The percentage of Texas children in 2013-2021 who were removed from their family home by TDFPS out of the total number of children by race/ethnic group are as follows: 3.3% of Black children, 2.2% of White children, 0.2% of Asian children, 1.8% of Hispanic children and 0.7% of Native American children.

To determine if these percentages of removed children by race/ethnicity were significantly different from each other, a k- proportions test was performed with a Chi-squared approach to compare the 5 percentages. The observed chi-square value was 8190 (p<0.0001).

Table 1. Left-most data column: Number of children removed from home in Texas from 2013-2021 by TDFPS, by race/ethnicity and total.


Number of removals

Number of children in Texas

Percentage removed

















Native American








Middle data column: Number of children (under age 19 years) in Texas in 2021, as an estimate for the number of children in Texas, by race/ethnicity and total.

Right-most data column: The percentage of children removed from home in Texas from 2013-2021 by TDFPS out of the total number of children in Texas by race/ethnicity.

In this study of children in Texas removed from their family home by TDFPS from 2013-2021, the percentages of children removed from their homes was not uniform across racial/ethnic lines. Over 3% of the estimated total Black children in Texas were removed from their homes by TDFPS, while 2.2% of White children, 1.8% of Hispanic children, 0.7% of Native American children and 0.2% of Asian children were removed from their homes by TDFPS. This finding of a disparity in child removals by race/ethnicity is supported by studies done in other parts of the United States. A study that analyzed CPS decision making using data from National Child Abuse and Neglect Data Systems and Adoption and Foster Care Analysis and Reporting System found that Black, Native American, and multiracial children were more likely than non-Black Hispanic children to be placed out of home. Additionally, higher poverty rates were linked to increased incidence of unsubstantiated child protective services child abuse and neglect reporting against families [5]; these unsubstantiated investigations may also result in biased and unnecessary removals.

Our finding in this study is also in line with literature of greater state family services involvement with Black families. Black children were more than twice as likely as White children to enter into foster care before the age of 5 years [8].

One caveat with our analysis is that there were far fewer children removed from Asian and Native American homes (e.g. hundreds) than Black, White or Hispanic homes (e.g. tens of thousands) in Texas in this time period. As a result, while we were able to calculate a percentage of Asian and Native American children removed from the home, these proportions are under-powered and may not reflect true removal rates. Indeed, this issue of lower numbers of Asian and Native American patients in medical research studies has been seen across disciplines. Less than 1% of National Institutes of Health (NIH) funding is directed toward Asian health research [6]. A meta- analysis that included 83 studies with a total of 12,027 patients showed that only 1.27% identified as Asian while 0.12% identified as Native American [10]. Further research into these racial/ethnic groups is needed to better characterize trends within these groups. Additionally, there may be different rates of child protective services involvement within families of different Asian countries of origin, which are not reflected in statistics which put all Asian countries of origin and ethnicities into a single group [4].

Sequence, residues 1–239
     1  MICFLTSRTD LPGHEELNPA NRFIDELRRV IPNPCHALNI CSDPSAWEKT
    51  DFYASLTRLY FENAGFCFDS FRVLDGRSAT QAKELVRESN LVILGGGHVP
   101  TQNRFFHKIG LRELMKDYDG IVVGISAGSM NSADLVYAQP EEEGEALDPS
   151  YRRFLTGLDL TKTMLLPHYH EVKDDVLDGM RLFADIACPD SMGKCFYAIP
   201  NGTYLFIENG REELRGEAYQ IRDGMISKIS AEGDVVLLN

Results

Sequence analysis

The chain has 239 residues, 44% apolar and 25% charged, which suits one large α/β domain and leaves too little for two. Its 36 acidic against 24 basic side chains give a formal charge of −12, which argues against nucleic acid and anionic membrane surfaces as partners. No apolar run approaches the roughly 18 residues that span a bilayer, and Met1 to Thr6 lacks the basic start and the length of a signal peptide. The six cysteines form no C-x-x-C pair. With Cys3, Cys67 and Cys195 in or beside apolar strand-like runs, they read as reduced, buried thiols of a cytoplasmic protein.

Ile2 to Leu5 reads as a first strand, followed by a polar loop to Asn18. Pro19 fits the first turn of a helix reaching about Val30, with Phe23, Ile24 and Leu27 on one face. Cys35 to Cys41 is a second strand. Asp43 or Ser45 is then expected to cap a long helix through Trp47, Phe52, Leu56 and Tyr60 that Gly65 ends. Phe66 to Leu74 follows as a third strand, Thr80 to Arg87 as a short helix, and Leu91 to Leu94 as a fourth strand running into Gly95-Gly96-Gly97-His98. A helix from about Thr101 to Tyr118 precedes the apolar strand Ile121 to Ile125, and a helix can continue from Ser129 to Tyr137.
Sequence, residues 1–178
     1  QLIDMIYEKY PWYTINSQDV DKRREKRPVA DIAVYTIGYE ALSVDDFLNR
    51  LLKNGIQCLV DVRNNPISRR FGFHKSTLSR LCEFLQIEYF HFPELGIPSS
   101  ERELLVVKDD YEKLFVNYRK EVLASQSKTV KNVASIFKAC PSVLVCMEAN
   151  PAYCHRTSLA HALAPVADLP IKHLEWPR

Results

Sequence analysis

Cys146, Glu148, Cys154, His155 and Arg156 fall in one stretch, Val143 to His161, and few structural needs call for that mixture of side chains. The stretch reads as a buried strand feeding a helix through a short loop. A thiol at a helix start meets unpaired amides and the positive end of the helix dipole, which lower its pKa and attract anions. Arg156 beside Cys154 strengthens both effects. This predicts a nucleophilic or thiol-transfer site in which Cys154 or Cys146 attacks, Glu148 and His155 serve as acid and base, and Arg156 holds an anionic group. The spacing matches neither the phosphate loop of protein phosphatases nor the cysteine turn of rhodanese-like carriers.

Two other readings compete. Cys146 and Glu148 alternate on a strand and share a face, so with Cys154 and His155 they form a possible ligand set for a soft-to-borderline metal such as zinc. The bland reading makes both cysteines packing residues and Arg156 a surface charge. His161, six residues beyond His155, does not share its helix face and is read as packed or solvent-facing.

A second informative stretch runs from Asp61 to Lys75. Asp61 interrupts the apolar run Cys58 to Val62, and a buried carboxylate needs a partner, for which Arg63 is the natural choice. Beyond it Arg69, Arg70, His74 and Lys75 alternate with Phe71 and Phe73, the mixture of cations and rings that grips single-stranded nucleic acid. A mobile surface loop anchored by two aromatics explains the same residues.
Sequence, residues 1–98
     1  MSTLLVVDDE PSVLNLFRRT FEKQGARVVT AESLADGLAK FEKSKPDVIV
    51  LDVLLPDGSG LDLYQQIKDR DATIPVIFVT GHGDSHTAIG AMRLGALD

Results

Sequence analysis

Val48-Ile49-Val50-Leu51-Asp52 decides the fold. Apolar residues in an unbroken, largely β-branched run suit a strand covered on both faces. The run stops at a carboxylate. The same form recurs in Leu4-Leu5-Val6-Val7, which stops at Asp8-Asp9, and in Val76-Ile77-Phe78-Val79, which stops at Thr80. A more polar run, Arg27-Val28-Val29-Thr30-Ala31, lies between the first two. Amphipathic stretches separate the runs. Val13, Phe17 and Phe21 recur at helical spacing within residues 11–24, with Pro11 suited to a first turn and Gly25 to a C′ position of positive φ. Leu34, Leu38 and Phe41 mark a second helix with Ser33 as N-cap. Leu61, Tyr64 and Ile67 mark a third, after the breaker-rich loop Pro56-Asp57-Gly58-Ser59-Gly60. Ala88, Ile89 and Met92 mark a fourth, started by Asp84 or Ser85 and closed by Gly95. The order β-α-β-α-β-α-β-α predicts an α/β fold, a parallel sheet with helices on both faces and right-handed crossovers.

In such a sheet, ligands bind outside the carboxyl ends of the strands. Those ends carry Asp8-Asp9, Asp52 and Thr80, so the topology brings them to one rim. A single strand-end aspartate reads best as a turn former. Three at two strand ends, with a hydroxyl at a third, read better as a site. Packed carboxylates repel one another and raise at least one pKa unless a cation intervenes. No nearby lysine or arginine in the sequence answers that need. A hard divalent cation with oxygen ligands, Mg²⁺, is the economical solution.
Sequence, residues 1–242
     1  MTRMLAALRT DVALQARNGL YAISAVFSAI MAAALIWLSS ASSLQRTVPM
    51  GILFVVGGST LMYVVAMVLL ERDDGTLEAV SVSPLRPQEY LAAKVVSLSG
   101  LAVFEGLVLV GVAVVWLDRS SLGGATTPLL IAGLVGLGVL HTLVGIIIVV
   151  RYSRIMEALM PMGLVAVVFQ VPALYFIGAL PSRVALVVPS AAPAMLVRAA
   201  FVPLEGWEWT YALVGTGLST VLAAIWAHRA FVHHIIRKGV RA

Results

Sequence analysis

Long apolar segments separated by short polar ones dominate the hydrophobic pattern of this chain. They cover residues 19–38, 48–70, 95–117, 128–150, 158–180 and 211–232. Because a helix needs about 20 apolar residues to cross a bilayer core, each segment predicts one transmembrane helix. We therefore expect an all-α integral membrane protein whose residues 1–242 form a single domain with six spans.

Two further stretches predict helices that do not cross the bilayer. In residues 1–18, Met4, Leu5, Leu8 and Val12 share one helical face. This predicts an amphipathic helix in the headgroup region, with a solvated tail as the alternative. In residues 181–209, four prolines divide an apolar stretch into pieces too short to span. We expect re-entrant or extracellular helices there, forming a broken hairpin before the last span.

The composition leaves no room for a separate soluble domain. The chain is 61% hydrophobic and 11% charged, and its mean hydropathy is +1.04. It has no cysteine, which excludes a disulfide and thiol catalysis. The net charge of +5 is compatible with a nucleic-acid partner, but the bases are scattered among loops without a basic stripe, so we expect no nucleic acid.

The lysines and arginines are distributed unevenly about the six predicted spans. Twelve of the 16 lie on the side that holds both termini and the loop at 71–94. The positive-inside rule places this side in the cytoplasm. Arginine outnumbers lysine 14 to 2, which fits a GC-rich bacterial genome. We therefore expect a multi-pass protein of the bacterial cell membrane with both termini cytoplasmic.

Limitations and Future Directions
A major limitation with the analysis in this study is that the total number of children’s families under TDFPS investigation by race/ethnicity was not provided (e.g. the number of children who were removed and not removed by TDFPS). This information would have allowed for us to determine a percentage removed out of a total number of investigations, by race/ethnicity. Instead, we used total numbers of children of racial/ethnic categories in Texas as determined by the US Census as a denominator to determine percentages of the total racial/ethnic child population that was removed. Future research should allow us to determine if the bias is present in the investigation process and the removal process, or only the removal process.